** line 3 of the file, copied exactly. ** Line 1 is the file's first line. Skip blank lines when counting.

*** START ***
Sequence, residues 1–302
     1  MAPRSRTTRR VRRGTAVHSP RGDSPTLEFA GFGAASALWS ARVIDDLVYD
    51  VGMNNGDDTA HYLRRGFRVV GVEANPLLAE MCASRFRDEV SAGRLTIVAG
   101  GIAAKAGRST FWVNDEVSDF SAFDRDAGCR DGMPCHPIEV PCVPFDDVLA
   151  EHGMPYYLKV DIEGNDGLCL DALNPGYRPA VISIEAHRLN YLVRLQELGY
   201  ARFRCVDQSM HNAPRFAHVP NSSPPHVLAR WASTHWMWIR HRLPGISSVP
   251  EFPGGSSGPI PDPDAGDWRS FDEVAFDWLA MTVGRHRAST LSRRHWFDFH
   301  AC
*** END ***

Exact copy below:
    51  VGMNNGDDTA HYLRRGFRVV GVEANPLLAE MCASRFRDEV SAGRLTIVAG